This is a public collection of knowledge funded and/or published by the W.K. Kellogg Foundation (WKKF). Views, opinions, findings, conclusions or recommendations expressed in these publications are those of the authors and their respective organizations. They do not necessarily reflect the views, policies or positions of WKKF.

If you have additional questions, please contact our Concierge Desk via email.
Clear all

348 results found

reorder grid_view

The Quest For Equity and Quality Examining Provider Experiences and Participation in Texas Rising Star

April 1, 2022

Exposure to high-quality child care is the foundation for a child's academic and social-emotional success, especially for children from low-income families. Increasing access to subsidized child care is one of the many strategies used to provide affordable early education to children from low-income families. However, increasing access alone is not enough when it comes to early learning. Children need to be in high-quality care to reap the many benefits.One systematic way to measure and increase quality of child care programs is through a state's Quality Rating and Improvement Systems (QRIS). QRIS is a systematic framework used to measure, improve, and communicate the quality of early childhood education (ECE) providers across a range of indicators. In Texas, this system is called Texas Rising Star (TRS). TRS is only open to child care providers who accept families receiving subsidy child care assistance. While TRS offers incentives for participation including professional development and increased reimbursement rates, currently TRS reaches only a fraction of lowincome children and the providers.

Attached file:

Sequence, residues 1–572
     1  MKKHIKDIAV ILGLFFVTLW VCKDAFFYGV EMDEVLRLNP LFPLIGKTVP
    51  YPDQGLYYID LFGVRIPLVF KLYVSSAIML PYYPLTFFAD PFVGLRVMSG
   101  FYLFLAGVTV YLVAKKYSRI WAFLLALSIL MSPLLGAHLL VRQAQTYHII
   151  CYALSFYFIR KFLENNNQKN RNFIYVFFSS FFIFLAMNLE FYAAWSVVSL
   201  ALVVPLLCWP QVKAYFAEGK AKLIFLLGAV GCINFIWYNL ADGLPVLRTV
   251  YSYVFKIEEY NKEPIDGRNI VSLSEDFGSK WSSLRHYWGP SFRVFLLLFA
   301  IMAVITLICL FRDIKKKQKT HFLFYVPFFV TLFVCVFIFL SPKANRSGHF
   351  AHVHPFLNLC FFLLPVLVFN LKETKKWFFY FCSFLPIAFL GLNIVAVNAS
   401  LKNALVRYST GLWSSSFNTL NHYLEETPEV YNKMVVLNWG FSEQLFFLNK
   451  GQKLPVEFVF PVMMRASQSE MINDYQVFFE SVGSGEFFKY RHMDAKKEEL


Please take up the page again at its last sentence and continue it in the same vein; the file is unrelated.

Every Child Thrives Annual Snapshot 2021

March 1, 2022

The W.K. Kellogg Foundation's annual snapshot 2021 highlights its record-breaking year of grantmaking, during which the foundation awarded more than $483 million in new grant commitments, the largest amount ever in its 91-year history, which included $232 million of its $300 million social impact bond commitment, announced in October 2020. It also features leadership editorials from La June Montgomery Tabron, president and CEO; Celeste A. Clark, board chair and Don Williamson, vice president for finance and treasurer, alongside the grantmaking and financial statements for its fiscal year ending Aug. 31, 2021. The annual snapshot is available in English, Haitian Creole and Spanish.

The Economic Role of Paid Child Care in the U.S.

February 10, 2022